Both electronic paper (e-paper) and certain biological organisms share the need for adaptive, reflective surfaces to communicate information. The goal of each is to use numerous colors, textures, polarization, and contrast variations without optical losses in order to maximize and control (in an energy-efficient way) the desired physical appearance. Recognizing these display commonalities, researchers at the University of Cincinnati (Cincinnati, OH), the USA Marine Biological Laboratory (Woods Hole, MA), the Air Force Research Laboratory at Wright Patterson Air Force Base (Dayton, OH), and the Army Research Laboratory (Adelphi, MD) are attempting to merge the knowledge base of biomimetics used for biological adaptive coloration and appearance (with a focus on cephalopods such as squid, cuttlefish, and octopus) and synthetic reflective e-paper displays (such as Amazon’s Kindle and the Sony Reader) using a series of scientific metrics.1
Adaptive reflectance metrics
Especially in color generation, e-paper still lags behind the 100-million-year head start of biological systems; consequently, optoelectronic display engineers should be studying biomimetics in greater detail. While comparing a squid and an Amazon Kindle is not highly meaningful, the researchers say that important comparisons can be made between the function and performance of biological pigments and reflectors (chromatophores, iridophores, and leucophores) and similarly functioning synthetic pixels and optoelectronic components (like e-ink).
In cephalopods, chromatophores provide color by compacting pigments inside a sac approximately 0.1 mm to 2.0 mm in diameter on time scales typically around 300 ms (see figure). The most closely related e-paper displays are electrokinetic and electrofluidic types, which spread or compact pigments using an electric field over hundreds of milliseconds, or use electromechanical force to stretch a bubble of pigment over tens of milliseconds, respectively.
|A diagram shows the three main skin structures (chromatophores, iridophores, and leucophores) of cephalopod skin in two sample states (a and b) and with three distinct ray traces (1, 2, and 3) showing how these animals change reflective color. Photos of cuttlefish skin (c) show (i) white leucophores; yellow, red, and dark brown chromatophores; and iridophores (appearing as green); squid skin (ii) also shows chromatophores and iridophores. (Courtesy of the University of Cincinnati and the USA Marine Biological Laboratory)|
Of the two approaches, cyan, magenta, and yellow electrokinetic films can create full-color images through subtractive color close to newsprint—currently the highest performance shown for synthetic adaptive color technology. Alternatively, electrofluidic methods switch on shorter time scales and are capable of producing full-color displays.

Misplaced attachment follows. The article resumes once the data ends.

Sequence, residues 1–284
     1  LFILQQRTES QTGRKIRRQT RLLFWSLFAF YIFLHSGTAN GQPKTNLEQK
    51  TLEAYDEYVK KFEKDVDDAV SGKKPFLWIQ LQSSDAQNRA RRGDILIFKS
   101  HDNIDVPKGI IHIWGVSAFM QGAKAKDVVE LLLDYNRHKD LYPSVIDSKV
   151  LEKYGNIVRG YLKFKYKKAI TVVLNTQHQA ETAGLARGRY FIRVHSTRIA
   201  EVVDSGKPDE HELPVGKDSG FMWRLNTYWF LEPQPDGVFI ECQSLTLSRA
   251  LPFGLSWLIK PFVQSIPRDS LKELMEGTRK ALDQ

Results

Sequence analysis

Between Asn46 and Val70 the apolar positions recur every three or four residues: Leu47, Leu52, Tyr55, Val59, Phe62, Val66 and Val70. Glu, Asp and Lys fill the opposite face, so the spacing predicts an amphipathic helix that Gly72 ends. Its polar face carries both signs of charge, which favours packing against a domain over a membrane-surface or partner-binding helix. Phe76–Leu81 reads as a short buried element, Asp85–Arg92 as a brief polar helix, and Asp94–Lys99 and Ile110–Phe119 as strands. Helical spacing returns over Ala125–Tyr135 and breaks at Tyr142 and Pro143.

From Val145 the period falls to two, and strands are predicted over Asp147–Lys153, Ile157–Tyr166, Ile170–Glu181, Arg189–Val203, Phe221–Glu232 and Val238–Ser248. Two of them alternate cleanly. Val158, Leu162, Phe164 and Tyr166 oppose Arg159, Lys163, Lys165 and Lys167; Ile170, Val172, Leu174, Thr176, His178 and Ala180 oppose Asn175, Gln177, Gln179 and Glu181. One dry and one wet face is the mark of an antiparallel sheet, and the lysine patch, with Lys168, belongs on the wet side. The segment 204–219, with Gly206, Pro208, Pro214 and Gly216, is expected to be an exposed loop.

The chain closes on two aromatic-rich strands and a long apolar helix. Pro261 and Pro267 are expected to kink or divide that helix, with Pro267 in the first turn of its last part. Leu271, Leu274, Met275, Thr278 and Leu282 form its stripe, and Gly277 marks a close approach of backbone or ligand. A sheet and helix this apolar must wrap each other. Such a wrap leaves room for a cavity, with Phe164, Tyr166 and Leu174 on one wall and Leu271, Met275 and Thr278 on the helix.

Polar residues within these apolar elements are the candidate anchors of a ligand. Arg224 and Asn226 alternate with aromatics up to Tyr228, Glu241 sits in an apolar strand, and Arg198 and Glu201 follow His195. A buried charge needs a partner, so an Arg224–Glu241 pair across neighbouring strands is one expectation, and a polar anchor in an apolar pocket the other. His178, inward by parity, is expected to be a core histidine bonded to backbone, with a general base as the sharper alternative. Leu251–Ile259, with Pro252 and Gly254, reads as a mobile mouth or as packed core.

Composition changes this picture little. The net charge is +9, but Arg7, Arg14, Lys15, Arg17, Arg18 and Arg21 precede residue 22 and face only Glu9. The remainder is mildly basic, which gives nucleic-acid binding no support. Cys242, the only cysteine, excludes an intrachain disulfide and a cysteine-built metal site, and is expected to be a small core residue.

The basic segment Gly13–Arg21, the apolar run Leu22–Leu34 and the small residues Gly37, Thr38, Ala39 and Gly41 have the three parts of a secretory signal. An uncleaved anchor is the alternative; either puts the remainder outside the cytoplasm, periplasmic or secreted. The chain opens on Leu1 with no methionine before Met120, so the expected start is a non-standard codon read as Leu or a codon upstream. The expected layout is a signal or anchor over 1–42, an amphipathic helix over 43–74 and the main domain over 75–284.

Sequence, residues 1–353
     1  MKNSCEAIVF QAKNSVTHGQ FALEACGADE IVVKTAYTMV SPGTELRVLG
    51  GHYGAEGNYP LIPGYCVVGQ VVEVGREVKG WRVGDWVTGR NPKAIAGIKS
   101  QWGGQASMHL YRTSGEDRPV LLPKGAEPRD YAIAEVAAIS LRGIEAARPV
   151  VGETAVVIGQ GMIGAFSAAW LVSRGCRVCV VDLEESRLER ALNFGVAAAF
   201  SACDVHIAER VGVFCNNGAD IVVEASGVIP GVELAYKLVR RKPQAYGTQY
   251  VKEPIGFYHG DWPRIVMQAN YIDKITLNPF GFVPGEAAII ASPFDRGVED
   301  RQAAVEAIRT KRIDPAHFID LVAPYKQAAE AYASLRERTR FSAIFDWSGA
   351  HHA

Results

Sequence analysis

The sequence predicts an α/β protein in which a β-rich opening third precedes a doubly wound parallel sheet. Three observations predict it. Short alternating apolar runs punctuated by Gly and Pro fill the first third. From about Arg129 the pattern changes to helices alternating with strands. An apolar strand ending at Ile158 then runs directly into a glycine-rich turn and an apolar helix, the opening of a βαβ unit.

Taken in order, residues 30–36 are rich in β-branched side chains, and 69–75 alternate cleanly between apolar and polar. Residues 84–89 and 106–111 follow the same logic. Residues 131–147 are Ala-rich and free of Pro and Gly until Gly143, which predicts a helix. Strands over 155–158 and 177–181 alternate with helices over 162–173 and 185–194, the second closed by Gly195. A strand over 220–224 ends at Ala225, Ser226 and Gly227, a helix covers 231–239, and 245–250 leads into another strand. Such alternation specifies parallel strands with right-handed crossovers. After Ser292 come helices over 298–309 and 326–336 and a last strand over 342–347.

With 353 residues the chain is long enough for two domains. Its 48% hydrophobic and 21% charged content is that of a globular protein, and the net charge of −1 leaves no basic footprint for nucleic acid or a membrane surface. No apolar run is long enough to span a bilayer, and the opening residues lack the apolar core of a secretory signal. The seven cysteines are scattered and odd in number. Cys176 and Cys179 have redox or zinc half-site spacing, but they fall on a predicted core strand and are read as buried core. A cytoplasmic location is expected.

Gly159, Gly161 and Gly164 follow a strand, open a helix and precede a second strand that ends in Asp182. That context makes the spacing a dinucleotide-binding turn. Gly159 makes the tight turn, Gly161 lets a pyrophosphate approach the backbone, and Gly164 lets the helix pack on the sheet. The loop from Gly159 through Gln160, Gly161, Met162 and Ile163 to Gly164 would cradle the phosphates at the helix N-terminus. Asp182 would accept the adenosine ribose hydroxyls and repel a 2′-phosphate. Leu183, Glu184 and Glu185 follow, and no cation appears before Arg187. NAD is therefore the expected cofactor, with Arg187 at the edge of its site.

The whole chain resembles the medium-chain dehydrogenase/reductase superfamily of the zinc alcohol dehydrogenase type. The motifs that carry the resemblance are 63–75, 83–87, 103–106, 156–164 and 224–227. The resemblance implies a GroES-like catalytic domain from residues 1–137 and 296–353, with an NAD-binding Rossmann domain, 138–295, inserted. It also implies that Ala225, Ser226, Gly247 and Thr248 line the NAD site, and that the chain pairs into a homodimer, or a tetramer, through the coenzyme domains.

Unlike chromatophores that provide biological coloration, iridophores and leucophores function more as backreflectors. Iridophores are composed of periodic layers of cytoplasm, reflectin protein, or guanine crystals; are around 1 mm wide; and function as a multilayer reflector system to produce a 60% to 80% reflectance-peak shift in wavelength over roughly 100 nm, with subsets of iridophores in specialized bands from the ultraviolet (UV) to the infrared (IR) spectrum.
Operating on second-to-minute time scales (much slower than chromatophores), synthetic equivalents include optical microelectromechanical systems (MEMs) and photonic-crystal (PC) ink. MEMS can create on-and-off, black-and-white pixels by reflectance and can use side-by-side mixing for colors, but only over 33% of their area and with a narrow viewing angle and only 50% reflectivity. But PC inks span the UV through IR, with 60% to 70% reflectance and 100 ms switching speeds.
For leucophores, spherical granules (200–2000 nm diameter) inside the cell cause diffuse reflection like the 100-nm-sized granules of titanium dioxide (TiO2) in white paint. Here, numerous synthetic white reflectors beat biological capabilities, including 3M’s less-than-60-μm-thick films of multilayer birefringent polyethylene terephthalate or polyethylene naphthalate that reflect the entire visible spectrum with greater than 99% efficiency over nearly all angles and polarizations. In this case, synthetic technology surpasses biological organisms’ capabilities.
However, it is important to keep in mind that while humans are striving for the highest reflectance possible, biological organisms are trying to adapt to their environment and/or communicate with each other, so their requirements for reflectivity are less. Chameleons and lizards possess different chromatophore structures that could inform display engineers on synthetic alternatives not described here (or not yet developed).
Eric Kreit, a University of Cincinnati PhD graduate now working at Gamma Dynamics (Cincinnati, OH), says, “Our main goals in this work were threefold: to allow display engineers to learn from millions of years of natural selection and evolution; to help make biologists aware of the most advanced mechanisms and performance measurements used in synthetic reflective e-paper; and to give all scientists a clearer picture of the long-term prospects for capabilities such as signaling/communication and adaptive concealment.”
1. E. Kreit et al., “Biological versus electronic adaptive coloration: how can one inform the other?” (Sept. 26, 2012); http://bit.ly/RVXqXc.